• Improving consultations in oncology: The development of a novel consultation aid.
    Improving consultations in oncology: The development of a novel consultation aid. Furber, L.; Murtagh, G. M.; Bonas, S.; Bankart, J.; Thomas, A. L. Background: The way in which patients receive bad news in a consultation can have a profound effect in terms of anxiety, depression and subsequent adjustment. Despite investment in well-researched communication skills training and availability of decision-making aids, communication problems in oncology continue to be encountered. Methods: We conducted a mixed-methods study in a large UK Cancer Centre to develop a novel consultation aid that could be used jointly by patients and doctors. Consultations were audio-recorded and both the doctors and the patients were interviewed. We used conversation analysis to analyse the consultation encounter and interpretative phenomenological analysis to analyse the interviews. Key themes were generated to inform the design of the aid. Results: A total of 16 doctors were recruited into the study along with 77 patients. Detailed analysis from 36 consultations identified key themes (including preparation, information exchange, question-asking and decision making), which were subsequently addressed in the design of the paper-based aid. Conclusions: Using detailed analysis and observation of oncology consultations, we have designed a novel consultation aid that can be used jointly by doctors and patients. It is not tumour-site specific and can potentially be utilised by new and follow-up consultations.
  • Patient initiated questions: How can doctors encourage them and improve the consulation process? A qualitative study
    Patient initiated questions: How can doctors encourage them and improve the consulation process? A qualitative study Murtagh, G. M.; Furber, L.; Thomas, A. L. Objective: To investigate the circumstances under which patients initiate direct questions in oncology consultations. Design: Conversation analysis of 47 consultations between oncologists and patients with cancer. Setting: An oncology clinic at a teaching hospital in the East Midlands. Participants: 16 Oncologists and 67 cancer patients. Outcome measure: Patient initiated direct questions. Results: On the whole patients’ direct questions are designed to seek specific information regarding, the cancer itself, treatment options or their experience of symptoms. When patients do ask direct questions they typically follow the announcement of test results where some reference to the details of those results, is provided. More specifically, there seems to be a relation between showing the patient their scan/X-ray results, patient involvement and patient-initiated direct questions. Higher levels of patient-initiated direct questions were clustered around occasions where doctors provided information and explanations of test results (12 consultations) sometimes with direct reference to scan or X-ray results (7 consultations). Conclusions: This study highlights the importance of careful explanation of diagnostic evidence as a factor contributing to increased patient involvement. More specifically, the findings suggest that, when appropriate, invoking diagnostic evidence (eg, scan or X-ray results) is an effective way of increasing levels of patient question asking. Doctors need to be able to encourage patient question asking to ensure that patients have at their disposal an important means through which they can determine their information needs. Although these results come from a study of oncology consultations, the findings may be transferable to other clinical contexts.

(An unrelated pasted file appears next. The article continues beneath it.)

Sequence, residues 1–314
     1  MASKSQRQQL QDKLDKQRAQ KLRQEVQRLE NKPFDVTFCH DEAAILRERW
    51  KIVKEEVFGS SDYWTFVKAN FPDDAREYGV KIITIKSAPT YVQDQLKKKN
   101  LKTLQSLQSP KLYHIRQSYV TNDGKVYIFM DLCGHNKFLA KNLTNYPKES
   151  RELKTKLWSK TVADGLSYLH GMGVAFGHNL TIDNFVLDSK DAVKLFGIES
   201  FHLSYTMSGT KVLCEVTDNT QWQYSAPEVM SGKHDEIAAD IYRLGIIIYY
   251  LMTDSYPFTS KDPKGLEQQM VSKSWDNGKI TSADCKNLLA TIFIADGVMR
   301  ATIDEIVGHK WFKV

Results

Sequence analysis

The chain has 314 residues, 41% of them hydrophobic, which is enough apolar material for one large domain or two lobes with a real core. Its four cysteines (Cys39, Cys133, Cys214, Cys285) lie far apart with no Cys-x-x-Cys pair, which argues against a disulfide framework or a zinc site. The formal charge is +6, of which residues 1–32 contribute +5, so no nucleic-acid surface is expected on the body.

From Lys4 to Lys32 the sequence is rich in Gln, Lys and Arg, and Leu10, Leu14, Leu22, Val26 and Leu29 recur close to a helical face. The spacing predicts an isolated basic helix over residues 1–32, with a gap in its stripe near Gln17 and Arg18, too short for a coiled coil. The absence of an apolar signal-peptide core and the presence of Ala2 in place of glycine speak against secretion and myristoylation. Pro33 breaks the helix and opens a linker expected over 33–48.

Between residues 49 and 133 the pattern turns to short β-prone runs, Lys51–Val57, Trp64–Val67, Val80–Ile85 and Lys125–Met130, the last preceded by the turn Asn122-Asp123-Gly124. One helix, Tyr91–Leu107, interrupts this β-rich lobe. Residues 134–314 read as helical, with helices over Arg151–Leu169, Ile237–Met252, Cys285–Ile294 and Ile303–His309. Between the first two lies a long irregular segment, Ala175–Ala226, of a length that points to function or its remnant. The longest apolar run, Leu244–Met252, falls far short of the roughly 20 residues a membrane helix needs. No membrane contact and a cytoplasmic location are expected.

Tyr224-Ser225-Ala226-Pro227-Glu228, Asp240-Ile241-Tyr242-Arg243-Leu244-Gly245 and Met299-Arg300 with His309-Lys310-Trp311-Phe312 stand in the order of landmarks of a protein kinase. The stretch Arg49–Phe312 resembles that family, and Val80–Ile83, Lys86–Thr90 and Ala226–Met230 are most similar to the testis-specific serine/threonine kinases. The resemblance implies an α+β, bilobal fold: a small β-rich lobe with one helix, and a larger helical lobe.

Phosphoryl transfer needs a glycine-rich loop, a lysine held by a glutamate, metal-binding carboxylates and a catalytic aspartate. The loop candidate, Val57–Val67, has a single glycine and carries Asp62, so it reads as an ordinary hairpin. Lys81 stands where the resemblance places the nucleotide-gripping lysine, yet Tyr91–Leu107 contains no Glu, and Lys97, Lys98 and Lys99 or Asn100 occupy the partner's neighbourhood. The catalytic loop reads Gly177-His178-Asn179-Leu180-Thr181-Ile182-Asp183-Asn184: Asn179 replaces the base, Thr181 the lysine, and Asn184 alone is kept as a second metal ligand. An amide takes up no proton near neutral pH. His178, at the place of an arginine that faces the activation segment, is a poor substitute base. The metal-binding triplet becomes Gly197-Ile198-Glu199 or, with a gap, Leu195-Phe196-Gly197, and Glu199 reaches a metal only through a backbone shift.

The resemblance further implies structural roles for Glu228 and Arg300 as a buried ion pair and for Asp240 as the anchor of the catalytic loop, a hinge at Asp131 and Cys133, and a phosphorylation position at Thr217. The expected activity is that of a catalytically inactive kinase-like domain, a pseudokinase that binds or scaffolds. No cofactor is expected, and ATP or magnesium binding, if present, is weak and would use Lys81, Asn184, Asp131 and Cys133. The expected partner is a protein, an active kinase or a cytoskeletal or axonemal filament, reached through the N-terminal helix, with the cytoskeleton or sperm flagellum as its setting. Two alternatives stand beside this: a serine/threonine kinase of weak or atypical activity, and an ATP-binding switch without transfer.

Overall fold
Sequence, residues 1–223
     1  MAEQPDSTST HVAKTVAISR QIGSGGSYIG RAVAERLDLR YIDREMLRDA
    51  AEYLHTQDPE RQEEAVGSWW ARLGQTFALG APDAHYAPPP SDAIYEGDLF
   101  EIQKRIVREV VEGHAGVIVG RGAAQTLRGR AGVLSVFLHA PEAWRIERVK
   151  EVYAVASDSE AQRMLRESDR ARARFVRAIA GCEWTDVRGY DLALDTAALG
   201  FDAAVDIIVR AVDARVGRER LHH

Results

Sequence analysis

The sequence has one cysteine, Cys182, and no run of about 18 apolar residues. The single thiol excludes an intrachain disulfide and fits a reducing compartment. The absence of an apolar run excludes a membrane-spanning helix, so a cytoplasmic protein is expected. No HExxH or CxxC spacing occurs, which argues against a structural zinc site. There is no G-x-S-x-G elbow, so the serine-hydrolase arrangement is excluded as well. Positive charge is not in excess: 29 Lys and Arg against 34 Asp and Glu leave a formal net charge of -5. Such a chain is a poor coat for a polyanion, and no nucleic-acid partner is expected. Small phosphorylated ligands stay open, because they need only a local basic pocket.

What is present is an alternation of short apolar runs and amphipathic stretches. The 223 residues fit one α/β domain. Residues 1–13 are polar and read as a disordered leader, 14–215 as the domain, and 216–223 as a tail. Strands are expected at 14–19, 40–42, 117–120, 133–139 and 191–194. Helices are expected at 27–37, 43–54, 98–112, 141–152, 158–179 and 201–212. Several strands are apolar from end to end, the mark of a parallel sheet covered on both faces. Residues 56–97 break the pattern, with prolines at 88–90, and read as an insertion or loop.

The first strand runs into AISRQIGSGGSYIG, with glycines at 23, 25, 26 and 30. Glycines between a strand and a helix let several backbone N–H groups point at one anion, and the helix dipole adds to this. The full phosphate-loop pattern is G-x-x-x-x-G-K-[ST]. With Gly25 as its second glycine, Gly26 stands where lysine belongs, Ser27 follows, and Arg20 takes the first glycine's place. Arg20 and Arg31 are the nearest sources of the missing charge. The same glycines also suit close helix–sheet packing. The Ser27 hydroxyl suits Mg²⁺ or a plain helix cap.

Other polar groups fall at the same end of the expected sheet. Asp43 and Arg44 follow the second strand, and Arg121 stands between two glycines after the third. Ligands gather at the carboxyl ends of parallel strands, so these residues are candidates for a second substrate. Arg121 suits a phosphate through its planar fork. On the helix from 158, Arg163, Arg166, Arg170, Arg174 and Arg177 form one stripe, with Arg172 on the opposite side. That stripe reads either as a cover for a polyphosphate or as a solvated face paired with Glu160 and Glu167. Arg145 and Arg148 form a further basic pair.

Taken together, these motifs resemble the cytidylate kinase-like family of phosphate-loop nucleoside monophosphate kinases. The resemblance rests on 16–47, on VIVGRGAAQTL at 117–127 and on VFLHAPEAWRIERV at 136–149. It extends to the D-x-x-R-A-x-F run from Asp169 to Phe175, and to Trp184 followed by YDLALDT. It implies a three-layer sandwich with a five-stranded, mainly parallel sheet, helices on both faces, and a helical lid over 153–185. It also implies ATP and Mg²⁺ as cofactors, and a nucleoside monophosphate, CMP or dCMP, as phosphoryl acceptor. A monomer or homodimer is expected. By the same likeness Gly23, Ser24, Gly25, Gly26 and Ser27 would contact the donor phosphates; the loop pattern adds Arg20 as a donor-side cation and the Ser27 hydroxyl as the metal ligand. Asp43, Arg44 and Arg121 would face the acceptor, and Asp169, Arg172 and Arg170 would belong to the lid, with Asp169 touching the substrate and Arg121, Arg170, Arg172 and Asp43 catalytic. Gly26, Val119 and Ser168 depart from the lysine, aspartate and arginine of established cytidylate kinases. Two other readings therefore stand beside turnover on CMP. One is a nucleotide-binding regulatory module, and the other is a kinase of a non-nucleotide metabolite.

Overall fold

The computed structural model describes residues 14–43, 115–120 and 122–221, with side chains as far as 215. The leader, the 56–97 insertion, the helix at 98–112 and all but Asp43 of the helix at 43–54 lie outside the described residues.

• Investigating communication in cancer consultations: what can be learned from doctor and patient accounts of their experience?
    Investigating communication in cancer consultations: what can be learned from doctor and patient accounts of their experience? Furber, L.; Cox, K.; Murphy, R.; Steward, W. This study investigated how doctors and patients diagnosed with advanced incurable cancer experienced the disclosure of bad news. The intention was to gain contrasting perspectives of the processes involved in oncology consultations. Sixteen doctors and 16 patients from a cancer centre in the UK participated in the study. A series of consultations were observed and audio recorded, and the perspectives of doctors, patients and relatives were investigated through semi-structured interviews. Participants were invited to describe how they experienced and felt about the disclosure of information over a period of time following a specific consultation. Analysis was based on a constant comparative method. This research suggests that patients control what they do or do not do with information to meet their own needs and objectives, but doctors do not necessarily appreciate this. Doctors do not always prepare patients for what is happening to them in an active open awareness context, and this can be stressful for some patients. The results indicate that communication is not just about one person making decisions. They also indicate that in many cases more success could be gained from finding out how patients prefer to manage and control the exchange of bad news, at different points, through their care pathway.
  • Enhancing communication in oncology outpatient consultations: critical reflections from doctors.